Halo: Season One – TV Review

TL;DR – While not a perfect season, the finale episode did leave me intrigued for more.  

Rating: 3.5 out of 5.

Disclosure – I paid for the Paramount+ service that viewed this episode.

Master Chef about to jump out

Halo Review

When the first episode of Halo came out, it felt like it was a show of two halves. We got an exciting dynamic between Master Chief (Pablo Schreiber) and the only survivor from a Covenant attack Kwan Ha (Yerin Ha). However, the show’s other half was some of the dullest paint-by-numbers military “intrigue” and “conspiracy”. I wondered which half of the show would dominate throughout the season because that would be a significant indicator of how the show would work. Well, now that I have seen the entire season, I have to say that we got some improvement, but not as much as it could have.

So to set the scene, at the end of Allegiance, everything that could have gone wrong did go wrong. Halsey (Natascha McElhone) turned the Spartans Riz (Natasha Culzac) and Vannak (Bentley Kalu) against John/Master Chief and Kai (Kate Kennedy). Meanwhile, Makee (Charlie Murphy) had rebuffed Halsey and was trying to trust Master Chief only to get a stun stick to the back of her head when Miranda Keyes (Olive Gray) realises that she was the one that killed the crew, which was bad. But even worse, Makee touches the artifact and sets it off, destroying much of the base. Now from here, we will be looking at the episode and season as a whole, so there will be some [SPOILERS] ahead.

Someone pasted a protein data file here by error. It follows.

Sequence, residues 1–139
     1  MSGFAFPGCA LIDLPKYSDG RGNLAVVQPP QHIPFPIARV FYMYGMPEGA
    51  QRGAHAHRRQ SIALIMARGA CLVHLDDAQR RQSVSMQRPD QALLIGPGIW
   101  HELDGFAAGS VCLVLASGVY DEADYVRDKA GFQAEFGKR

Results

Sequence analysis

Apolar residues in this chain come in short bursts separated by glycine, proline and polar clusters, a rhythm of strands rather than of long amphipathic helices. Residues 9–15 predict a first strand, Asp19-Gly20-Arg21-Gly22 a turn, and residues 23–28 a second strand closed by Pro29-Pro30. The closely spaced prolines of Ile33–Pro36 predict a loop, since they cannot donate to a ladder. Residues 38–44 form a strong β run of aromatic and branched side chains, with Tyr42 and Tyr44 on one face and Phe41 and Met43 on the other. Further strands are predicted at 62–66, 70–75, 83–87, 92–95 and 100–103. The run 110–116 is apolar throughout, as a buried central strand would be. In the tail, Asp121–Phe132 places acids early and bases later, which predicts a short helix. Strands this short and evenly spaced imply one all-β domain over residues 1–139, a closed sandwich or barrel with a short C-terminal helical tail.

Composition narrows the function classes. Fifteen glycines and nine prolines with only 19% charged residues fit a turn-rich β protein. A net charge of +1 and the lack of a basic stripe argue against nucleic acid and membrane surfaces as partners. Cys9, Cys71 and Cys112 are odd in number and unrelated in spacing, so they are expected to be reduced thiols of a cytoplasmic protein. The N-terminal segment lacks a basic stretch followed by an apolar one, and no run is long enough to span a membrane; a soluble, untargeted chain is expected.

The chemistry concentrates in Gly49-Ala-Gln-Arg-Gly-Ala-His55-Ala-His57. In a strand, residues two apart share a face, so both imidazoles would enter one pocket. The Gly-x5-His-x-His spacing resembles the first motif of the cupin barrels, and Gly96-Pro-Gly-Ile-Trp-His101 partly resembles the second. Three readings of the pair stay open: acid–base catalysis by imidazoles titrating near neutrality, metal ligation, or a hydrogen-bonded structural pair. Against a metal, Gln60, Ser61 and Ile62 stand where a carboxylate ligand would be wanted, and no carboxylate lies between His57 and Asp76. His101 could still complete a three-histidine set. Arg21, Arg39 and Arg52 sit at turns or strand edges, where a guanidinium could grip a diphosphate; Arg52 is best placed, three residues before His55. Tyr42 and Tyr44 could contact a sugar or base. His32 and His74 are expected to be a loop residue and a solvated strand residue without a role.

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Top Gun (1986) – Movie Review [Exploring the Past]

TL;DR – Still a triumph, even if parts of it have not aged well in the years since.     

Rating: 4 out of 5.

Post-Credit Scene – There is no post-credit scene

Disclosure – I paid for the Paramount+ streaming service that viewed this film

F-14A Tomcat

Top Gun Review

Top Gun is one of those films that, even though it came out when I was young, I did see it thanks to it being on a constant rotation on local TV. However, as the new film was about to come out, I had to think about what did I remember from the film, and the answer was not that much. Sure there was the “I Feel The Need… The Need For Speed!”, the charged volleyball scene, the copious amount of Danger Zone, and the somewhat infamous way the US Military shaped the narrative and used it for promotion. Well, there is no better time like the present to dive back in and relive a classic.

 So to set the scene, on March 3, 1969, the United States Navy established an elite school for the top one percent of its pilots. Today it is called the Fighter Weapons School or TOPGUN. Over the seas, based off the USS Enterprise, pilot LT Pete “Maverick” Mitchell (Tom Cruise) and Radar LTJG Nick “Goose” Bradshaw (Anthony Edwards) flying an F-14A Tomcat ping an unknown target and got to intercept. They think it was just one target, but it is a pair of MiG-28s. After some ‘fun’, they get the planes to disengage. But their wingman LT Bill “Cougar” Cortell (John Stockwell) freezes and is only saved by Maverick talking him down to a landing. It was a stupid stunt given how much fuel they had left, but it saved the day and booked them a ticket to TOPGUN at Naval Air Station Miramar.    

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Death on the Nile – Movie Review

TL;DR – A sequel that boosts in individual performance while lacking in the ensemble.     

Rating: 3 out of 5.

Post-Credit Scene – There is no post-credit scene

Disclosure – I paid for the Disney+ streaming service that viewed this film

Poirot sitting in front of the Sphinx.

Death on the Nile Review

When COVID struck, nearly every major film was bumped from the schedule. For many, this gave them a moment to release in a time when people could see them safely. However, for others, the delay meant that it was released after a significant scandal decoupled one of its major stars. Alas, with this outing, we get a film that was the latter. But the question I had when going in was, could it overcome it?